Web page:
The Daughters of La Nacha: Profiles of Women Traffickers

Elaine Carey and José Carlos Cisneros Guzmán

@font-face {
font-family: "Times New Roman";
}@font-face {
font-family: "Cambria";
}@font-face {
font-family: "BaileySansITC-BookItalic";
}p.MsoNormal, li.MsoNormal, div.MsoNormal { margin: 0in 0in 10pt; font-size: 12pt; font-family: Cambria; }table.MsoNormalTable { font-size: 10pt; font-family: "Times New Roman"; }p.TOCBlurb, li.TOCBlurb, div.TOCBlurb { margin: 0in 0in 9pt; line-height: 12pt; font-size: 10pt; font-family: BaileySansITC-BookItalic; color: black; font-style: italic; }div.Section1 { page: Section1; }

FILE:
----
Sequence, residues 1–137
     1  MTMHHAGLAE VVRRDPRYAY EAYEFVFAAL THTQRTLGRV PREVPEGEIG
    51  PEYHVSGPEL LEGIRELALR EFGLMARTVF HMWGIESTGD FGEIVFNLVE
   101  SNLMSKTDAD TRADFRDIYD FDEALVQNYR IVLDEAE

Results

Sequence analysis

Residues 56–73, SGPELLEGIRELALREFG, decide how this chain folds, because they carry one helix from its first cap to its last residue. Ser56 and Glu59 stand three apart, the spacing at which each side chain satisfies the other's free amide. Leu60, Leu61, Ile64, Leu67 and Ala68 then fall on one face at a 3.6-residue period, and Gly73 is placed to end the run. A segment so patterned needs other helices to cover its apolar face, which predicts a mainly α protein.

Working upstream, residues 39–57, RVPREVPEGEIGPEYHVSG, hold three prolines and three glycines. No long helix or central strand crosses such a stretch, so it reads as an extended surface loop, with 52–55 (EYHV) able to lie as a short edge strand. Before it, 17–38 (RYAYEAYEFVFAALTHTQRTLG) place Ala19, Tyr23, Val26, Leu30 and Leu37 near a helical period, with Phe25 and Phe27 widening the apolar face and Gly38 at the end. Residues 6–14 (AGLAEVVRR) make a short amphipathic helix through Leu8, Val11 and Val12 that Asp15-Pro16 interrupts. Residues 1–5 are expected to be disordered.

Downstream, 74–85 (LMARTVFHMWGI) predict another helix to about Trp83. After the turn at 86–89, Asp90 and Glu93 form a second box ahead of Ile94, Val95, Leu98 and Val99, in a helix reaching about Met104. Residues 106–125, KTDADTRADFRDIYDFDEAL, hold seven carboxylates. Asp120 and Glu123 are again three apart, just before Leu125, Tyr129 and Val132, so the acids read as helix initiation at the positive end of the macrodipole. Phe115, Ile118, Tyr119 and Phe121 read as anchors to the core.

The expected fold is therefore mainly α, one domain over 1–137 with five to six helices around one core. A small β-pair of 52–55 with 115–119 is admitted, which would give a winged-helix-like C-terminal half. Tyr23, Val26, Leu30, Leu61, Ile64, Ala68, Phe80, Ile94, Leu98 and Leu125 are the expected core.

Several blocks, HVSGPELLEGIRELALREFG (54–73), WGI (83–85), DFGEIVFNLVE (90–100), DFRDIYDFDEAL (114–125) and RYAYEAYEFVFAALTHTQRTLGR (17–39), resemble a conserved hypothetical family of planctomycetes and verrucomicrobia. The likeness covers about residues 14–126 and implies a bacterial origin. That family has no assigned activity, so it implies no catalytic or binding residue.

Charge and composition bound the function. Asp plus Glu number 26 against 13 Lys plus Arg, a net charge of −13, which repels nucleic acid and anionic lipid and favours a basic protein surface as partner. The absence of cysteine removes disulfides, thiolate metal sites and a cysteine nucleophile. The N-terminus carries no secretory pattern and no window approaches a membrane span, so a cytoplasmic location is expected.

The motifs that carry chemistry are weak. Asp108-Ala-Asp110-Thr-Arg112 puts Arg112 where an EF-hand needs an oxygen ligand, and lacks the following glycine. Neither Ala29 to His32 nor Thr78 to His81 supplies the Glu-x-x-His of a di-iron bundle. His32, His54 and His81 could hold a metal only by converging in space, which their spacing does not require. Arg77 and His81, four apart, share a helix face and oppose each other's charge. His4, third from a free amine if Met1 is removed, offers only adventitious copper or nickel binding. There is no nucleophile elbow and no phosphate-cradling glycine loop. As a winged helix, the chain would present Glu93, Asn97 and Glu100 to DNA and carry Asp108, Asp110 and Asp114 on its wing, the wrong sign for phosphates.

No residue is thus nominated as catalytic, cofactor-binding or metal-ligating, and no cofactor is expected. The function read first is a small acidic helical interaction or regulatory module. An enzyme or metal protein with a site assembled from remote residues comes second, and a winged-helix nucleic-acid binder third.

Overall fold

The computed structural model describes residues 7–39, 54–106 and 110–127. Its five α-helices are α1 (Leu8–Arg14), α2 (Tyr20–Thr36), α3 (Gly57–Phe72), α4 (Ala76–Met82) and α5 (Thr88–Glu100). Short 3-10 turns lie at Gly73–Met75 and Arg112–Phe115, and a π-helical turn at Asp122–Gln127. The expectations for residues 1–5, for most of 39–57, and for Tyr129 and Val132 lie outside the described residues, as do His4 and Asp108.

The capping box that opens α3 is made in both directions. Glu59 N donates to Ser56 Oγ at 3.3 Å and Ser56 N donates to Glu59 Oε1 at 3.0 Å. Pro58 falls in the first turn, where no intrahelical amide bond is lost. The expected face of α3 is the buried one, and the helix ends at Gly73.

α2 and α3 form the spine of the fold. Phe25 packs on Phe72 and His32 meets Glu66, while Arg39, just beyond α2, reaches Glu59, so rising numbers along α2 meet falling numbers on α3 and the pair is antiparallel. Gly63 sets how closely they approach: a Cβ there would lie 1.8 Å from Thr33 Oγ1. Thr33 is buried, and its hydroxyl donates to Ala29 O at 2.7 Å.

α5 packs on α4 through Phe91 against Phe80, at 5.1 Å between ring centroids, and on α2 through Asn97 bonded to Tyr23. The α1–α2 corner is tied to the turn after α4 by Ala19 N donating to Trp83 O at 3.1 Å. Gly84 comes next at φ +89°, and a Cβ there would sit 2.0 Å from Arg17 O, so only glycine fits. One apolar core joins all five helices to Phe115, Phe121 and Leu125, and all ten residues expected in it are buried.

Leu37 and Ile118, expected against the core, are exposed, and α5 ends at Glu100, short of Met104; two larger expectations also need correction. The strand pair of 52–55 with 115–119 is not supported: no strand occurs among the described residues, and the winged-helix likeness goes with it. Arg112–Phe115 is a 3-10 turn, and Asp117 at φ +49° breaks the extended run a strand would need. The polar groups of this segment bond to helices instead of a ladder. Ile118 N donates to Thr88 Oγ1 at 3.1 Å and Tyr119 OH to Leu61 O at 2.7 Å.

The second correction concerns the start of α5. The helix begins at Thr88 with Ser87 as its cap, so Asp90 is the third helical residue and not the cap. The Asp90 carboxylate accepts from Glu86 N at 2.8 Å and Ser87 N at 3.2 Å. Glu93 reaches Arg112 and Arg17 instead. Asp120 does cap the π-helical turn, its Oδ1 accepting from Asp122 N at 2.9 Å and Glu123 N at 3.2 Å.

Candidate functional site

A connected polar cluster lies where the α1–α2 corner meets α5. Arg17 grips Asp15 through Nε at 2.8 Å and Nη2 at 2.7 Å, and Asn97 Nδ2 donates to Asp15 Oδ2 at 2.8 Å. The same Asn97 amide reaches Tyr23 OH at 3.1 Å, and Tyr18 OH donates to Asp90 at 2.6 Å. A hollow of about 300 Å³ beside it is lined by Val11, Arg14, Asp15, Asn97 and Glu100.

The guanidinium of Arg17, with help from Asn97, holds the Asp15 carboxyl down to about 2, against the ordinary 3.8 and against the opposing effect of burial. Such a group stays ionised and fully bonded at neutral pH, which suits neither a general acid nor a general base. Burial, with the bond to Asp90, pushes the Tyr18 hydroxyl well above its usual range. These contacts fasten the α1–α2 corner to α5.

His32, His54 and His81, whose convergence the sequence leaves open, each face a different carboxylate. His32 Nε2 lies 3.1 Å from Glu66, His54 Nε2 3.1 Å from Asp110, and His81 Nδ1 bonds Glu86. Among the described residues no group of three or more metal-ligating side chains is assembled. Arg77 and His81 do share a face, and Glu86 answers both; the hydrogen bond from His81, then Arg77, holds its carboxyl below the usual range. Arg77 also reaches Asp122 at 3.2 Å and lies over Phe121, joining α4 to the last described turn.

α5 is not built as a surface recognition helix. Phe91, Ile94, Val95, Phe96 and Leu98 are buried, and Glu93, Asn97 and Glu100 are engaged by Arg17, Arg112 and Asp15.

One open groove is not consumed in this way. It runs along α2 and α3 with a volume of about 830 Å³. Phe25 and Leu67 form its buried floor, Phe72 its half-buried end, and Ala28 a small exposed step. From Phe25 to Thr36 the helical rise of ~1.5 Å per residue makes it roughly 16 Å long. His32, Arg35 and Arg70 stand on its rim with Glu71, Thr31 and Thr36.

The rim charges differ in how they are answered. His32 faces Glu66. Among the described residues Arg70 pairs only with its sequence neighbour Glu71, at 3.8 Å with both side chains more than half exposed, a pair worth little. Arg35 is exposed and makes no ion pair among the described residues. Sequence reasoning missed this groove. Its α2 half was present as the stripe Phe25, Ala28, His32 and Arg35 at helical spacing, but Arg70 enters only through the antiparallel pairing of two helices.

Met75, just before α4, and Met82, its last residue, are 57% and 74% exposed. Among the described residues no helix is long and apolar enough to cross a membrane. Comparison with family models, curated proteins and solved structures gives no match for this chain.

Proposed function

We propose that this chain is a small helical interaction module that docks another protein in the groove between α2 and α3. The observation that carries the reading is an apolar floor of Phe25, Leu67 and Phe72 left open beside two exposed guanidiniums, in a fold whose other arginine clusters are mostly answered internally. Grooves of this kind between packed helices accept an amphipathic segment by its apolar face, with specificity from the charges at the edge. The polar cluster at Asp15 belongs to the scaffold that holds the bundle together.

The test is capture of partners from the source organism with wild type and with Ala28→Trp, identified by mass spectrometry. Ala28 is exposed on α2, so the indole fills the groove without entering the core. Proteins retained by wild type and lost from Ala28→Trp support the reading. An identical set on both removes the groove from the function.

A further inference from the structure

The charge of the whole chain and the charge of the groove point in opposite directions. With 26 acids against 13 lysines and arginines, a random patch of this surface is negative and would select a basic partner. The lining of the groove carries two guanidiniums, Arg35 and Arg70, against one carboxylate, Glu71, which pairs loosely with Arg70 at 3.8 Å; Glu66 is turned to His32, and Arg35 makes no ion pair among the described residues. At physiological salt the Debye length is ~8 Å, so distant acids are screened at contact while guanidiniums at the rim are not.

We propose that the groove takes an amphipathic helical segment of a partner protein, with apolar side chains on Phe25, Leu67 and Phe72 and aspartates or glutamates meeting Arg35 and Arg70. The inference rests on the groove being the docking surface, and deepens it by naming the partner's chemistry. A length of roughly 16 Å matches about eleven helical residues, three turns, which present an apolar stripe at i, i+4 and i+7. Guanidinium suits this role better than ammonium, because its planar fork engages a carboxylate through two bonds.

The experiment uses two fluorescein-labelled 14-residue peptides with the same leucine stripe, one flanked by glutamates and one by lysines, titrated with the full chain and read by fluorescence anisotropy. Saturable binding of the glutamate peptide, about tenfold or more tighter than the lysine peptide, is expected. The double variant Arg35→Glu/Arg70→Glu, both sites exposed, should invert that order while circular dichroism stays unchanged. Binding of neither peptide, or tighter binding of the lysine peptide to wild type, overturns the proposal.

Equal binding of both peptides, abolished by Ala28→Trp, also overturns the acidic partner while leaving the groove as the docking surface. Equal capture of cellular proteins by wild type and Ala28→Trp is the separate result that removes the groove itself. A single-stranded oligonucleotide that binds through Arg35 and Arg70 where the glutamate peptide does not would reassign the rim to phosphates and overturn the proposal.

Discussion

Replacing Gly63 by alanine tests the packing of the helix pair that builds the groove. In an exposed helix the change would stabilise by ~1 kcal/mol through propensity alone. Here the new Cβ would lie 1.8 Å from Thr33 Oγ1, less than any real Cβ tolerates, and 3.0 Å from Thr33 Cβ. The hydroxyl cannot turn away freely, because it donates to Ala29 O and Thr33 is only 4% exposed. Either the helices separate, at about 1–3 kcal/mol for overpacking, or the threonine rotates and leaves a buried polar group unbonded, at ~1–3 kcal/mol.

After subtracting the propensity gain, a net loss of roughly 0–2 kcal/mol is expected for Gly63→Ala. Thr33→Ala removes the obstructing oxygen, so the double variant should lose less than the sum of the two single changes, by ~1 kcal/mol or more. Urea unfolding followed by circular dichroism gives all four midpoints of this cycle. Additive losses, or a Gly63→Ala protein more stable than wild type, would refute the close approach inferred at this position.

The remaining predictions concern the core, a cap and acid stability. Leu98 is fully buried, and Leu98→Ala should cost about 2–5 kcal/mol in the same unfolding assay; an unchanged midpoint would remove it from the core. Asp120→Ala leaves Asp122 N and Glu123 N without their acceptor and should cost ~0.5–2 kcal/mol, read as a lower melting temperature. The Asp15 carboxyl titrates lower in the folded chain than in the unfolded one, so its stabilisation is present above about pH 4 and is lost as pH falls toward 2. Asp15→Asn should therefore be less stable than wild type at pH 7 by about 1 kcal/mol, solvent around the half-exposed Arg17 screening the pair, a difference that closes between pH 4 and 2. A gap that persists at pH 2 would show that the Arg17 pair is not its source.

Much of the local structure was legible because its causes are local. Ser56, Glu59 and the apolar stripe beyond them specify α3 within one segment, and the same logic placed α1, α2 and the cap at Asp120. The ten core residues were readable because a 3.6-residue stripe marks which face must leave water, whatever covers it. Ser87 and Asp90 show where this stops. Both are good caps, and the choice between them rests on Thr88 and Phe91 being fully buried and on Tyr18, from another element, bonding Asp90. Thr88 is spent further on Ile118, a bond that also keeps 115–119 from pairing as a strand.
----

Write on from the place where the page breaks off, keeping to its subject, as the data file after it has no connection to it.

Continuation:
The stories of four Mexican women working in the drug trade echo that of Ignacia “La Nacha” Jasso, who controlled much of the Ciudad Juárez drug market beginning in the 1920s.


Like this article? Support our work. Donate now.